Let me sing for my beloved my love-song concerning his vineyard: My beloved had a vineyard on a very fertile hill. (Isaiah 5:1)

Contrast this, beloved reader, the concept of fearing the Lord God. Would it surprise you to know that the love here is just the same mindset as the fear in other parts of scripture? Now, you may think (if you are not already aware of the topic of this passage) that the writer of Isaiah is going to be poetic and pastoral, drifting away on pink clouds and perfumed sky. No, fear is the closer emotion. And the result of there being a lack of fear, and love, of the Divine.

“He dug it and cleared it of stones, and planted it with choice vines; he built a watchtower in the midst of it, and hewed out a wine vat in it; he expected it to yield grapes, but it yielded wild grapes.” (Verse 2)

Here in Oregon, grape growing is a growing business and occupation, as well as a hobby. In my childhood I knew of green grapes, sweet and succulent without seeds. I have learned about red grapes and black grapes, which are actually better than the green grapes you get here on the west coast. But there is a small very sweet green grape called champagne grapes; you can just taste the potential in them. The Beloved of the writer of Isaiah expected succulent juicy grapes but instead got bitter grape that would roil and upset the stomach. And the Beloved of the writer of Isaiah was very upset and roilec in his actions and affect.

“And now, inhabitants of Jerusalem and people of Judah, judge between me and my vineyard. What more was there to do for my vineyard that I have not done in it? When I expected it to yield grapes, why did it yield wild grapes? And now I will tell you what I will do to my vineyard. I will remove its hedge, and it shall be devoured; I will break down its wall, and it shall be trampled down. I will make it a waste; it shall not be pruned or hoed, and it shall be overgrown with briers and thorns; I will also command the clouds that they rain no rain upon it.” (Verses 3 – 6)

The question lingers, how did this happen? Did poisonous foreign vines creep into the vineyard? We the vines that were planted compromised? Did someone come along and despoil the vineyard? We do not know, and are not told. But then this is a parable and metaphor, so such details will not be forthcoming.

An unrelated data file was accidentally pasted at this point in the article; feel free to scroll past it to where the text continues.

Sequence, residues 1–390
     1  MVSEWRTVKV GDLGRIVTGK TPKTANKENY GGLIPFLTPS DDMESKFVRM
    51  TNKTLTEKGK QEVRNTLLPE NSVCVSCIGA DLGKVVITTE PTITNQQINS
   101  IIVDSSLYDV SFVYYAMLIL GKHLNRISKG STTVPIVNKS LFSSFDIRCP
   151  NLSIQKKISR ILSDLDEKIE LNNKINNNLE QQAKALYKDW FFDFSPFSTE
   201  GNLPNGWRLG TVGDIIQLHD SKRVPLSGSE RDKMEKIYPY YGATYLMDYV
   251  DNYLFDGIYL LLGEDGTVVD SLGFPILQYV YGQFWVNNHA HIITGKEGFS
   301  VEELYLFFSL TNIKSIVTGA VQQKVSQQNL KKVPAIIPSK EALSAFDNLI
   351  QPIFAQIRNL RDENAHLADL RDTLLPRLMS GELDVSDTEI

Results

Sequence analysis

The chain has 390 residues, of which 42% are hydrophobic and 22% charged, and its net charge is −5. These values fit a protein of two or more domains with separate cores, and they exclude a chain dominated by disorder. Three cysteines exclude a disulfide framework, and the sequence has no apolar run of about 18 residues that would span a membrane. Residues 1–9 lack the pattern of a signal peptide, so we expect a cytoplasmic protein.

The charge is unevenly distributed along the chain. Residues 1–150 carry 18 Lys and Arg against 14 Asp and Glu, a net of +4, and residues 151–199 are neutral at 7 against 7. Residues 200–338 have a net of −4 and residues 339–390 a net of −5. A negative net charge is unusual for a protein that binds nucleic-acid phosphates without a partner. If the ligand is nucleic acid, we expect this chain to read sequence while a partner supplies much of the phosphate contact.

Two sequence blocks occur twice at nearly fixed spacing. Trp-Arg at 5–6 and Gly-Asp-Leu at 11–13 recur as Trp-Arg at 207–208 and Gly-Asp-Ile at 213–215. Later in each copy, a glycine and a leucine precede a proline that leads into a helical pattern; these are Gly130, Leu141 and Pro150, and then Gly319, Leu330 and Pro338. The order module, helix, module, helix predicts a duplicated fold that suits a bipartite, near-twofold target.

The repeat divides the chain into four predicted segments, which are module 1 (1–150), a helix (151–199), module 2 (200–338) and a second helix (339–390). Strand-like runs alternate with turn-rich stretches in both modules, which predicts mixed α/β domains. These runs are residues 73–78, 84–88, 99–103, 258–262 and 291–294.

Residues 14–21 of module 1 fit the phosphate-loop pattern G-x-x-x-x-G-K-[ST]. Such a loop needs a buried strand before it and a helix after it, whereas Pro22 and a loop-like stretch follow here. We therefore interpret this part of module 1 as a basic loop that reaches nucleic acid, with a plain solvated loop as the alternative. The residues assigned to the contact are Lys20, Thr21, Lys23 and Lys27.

“For the vineyard of the LORD of hosts is the house of Israel, and the people of Judah are his pleasant planting; he expected justice, but saw bloodshed; righteousness, but heard a cry!” (Verse 7)

The question lingers, how did this happen? Did foreign nations undermine the integrity of Israel & Judah? Did the people’s devotion to the Divine waver and lessen? Did human nature and human will draw the people away from what had been preached to them? I have studied Old Testament scripture trying to understand why and how Israel and Judah strayed so far. And all that I could conclude is that power corrupted . . . . absolutely. It almost seems that the nature and character of each king after King David swayed the devotion and character of the nation. And that is hard for me to believe. Yet, I look at the nation that is the United States, and compare its character and image now to the way it was some years back. Of course, and naturally, the leader of the United States do not stand in for every man, women, and child in the U.S. Of course not all of us within the borders of the US are the same. You can find compassion, care, and authentic Christian practice everywhere. But as a corporate nation, maybe we are a failed “vineyard.”

I am sitting here trying to think of some words of consolation and comfort – and I cannot. All I can do is remind you, beloved reader, that the same Lord God who crashed and smashed down a doomed vineyard also sent Jesus Christ to redeem those vines and branches that produce good fruit. Shalom & Selah!